But there are two parts to the puzzle, just as you can lead a horse to water but you can't make him drink, whether or not they then bite is related to water temperature. When the water temperature sinks to 60 degrees and below that seems to be a trigger point. From then till the river hits 50 degrees the smallmouth are in overdrive feeding the strongest they do all year. So the great fishing lasts as long as the water stays above about 52. If that's a week, its a week if its a month then the fishing is great for a month. 
So between the smallmouth migration and water temps you need a couple things you might have not used all year. The number one tool for finding smallmouth bass wintering holes in the LMR is a good online satellite mapping site like Google Maps. Your looking for big bends and deep eddies with complex structure nearby. The deepest biggest holes you can find. Some of these can be places in town "fished out" during the summer, it doesn't matter your fishing for fish that might have came from miles away. Sometimes you just have to make a list of possibilities and head out to check them in person. Like I said the bass will migrate as far as it takes so you can't think well maybe this is good enough. Now until the water actually hits 50 to 53 the bass might not be right in that wintering hole, more than likely they will not be. They will instead be somewhere on the first two or three riffles either upstream or down feeding like gangbusters. The two best places I know have both the deep complex structure and a really good hard bottomed riffle with a hard bottom and no silt between the feeding area and the hole even though in one case its 150 yards between the two. So obviously a thermometer is a great tool is seeing where things are at. Above 60 you can expect bass to be in transition between summer and fall patterns. While the September equinox usually occurs on September 22 or 23, it can very rarely fall on September 21 or September 24. A September 21 equinox has not occurred since 1000 CE, but will happen twice in the 21st century –in 2092 and 2096 in. The last September 24 equinox occurred in 1931. It will next take place in 2303.On any other day of the year, the Earth's axis tilts a little away from or towards the Sun. But on the equinox the Earth's axis tilts neither away from nor towards the Sun. That's when the sun will be shining directly on the Earth's equator, bringing almost the same exact amount of daylight and darkness all around the world on that day, which is known as the autumn equinox in the northern hemisphere and the spring equinox in the southern hemisphere. So sometime within a week of that expect them to come pouring into those fall feeding riffles depending on temps. Not every smallmouth migrates at exactly the same time so you can still catch bass elsewhere in the river as they stop to feed while migrating but the real action will be in those good riffles close to wintering holes starting about the second week in September and getting better and better if the weather cooperates until the water cools below 50 to 53 degrees. After that you have to fish slooow down in the deep wintering holes to get much action. Sometimes a warm day will warm things a degree or two and you can sometimes catch a smallmouth or two on a hair jig fished almost motionless under a float. Just let the current swirl it around the hole and try to impart as little movement to the lure as you can. This can result in some of the best fish of the year but it also results in a big number of fishless days too.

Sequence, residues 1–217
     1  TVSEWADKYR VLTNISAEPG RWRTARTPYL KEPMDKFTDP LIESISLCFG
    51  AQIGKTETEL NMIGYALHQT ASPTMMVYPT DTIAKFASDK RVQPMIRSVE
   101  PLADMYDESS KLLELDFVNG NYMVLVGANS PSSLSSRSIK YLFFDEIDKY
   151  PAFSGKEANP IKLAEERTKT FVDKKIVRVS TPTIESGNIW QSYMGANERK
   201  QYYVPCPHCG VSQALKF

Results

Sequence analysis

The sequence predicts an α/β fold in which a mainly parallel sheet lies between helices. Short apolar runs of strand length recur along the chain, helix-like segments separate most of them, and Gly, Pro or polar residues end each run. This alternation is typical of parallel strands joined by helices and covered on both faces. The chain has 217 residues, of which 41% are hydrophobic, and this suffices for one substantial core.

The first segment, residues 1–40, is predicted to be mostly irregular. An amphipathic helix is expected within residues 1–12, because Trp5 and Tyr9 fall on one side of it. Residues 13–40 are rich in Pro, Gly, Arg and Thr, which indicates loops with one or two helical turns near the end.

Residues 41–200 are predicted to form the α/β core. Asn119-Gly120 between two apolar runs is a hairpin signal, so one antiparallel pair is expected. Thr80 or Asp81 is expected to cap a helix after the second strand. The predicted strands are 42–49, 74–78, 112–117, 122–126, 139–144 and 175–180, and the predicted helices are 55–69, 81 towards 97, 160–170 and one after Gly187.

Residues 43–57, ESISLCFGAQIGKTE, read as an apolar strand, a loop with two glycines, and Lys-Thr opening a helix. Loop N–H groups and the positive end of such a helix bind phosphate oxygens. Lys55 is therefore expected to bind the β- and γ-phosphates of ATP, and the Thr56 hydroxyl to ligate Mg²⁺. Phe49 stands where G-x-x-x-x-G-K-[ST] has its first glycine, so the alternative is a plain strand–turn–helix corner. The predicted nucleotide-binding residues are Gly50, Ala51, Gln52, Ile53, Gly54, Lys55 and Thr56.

Another thing to keep in mind when fishing thru the fall is that as the water cools crayfish become less and less active. So as the smallmouth feed heavily preparing for winter their favorite meal becomes less and less available. Because of this the bass begin to transition to more of a "minnow" bite that a "crayfish" bite in the fall. Personally I think the very biggest smallmouth in southern Ohio are always on a bit more of a minnow bite all year round. Research has shown the the biggest bass select smaller crayfish over larger ones every time. Smaller less experienced bass are not as picky and will fight a bigger crayfish. So that 20 incher we are after has to catch three or four small crayfish to get the same amount of food as she will get with one big shiner. So not only does she have to put out more effort by catching 3 things instead of 1 but those 3 things fight back. And an ounce of crayfish has less calories than an ounce of an oily baitfish and it takes more calories to digest because of the crayfishes exoskeleton. Given the choice I think a trophy bass prefers sushi. Obviously some sections of rivers and a lot of our creeks are crawling with tons of crayfish and everything revolves around them but a lot of our streams have considerably less crayfish and ton and tons of minnows. Think about the streams where you wade and see nothing but scads of crayfish and others where you spook huge schools of minnows out of the shallows as you wade. Next summer think about fishing the two differently. And in the fall use more minnow baits like spinnerbaits, buzzbaits, minnow plugs, and soft plastics that swim like curly tailed grubs, curly shads and paddletails.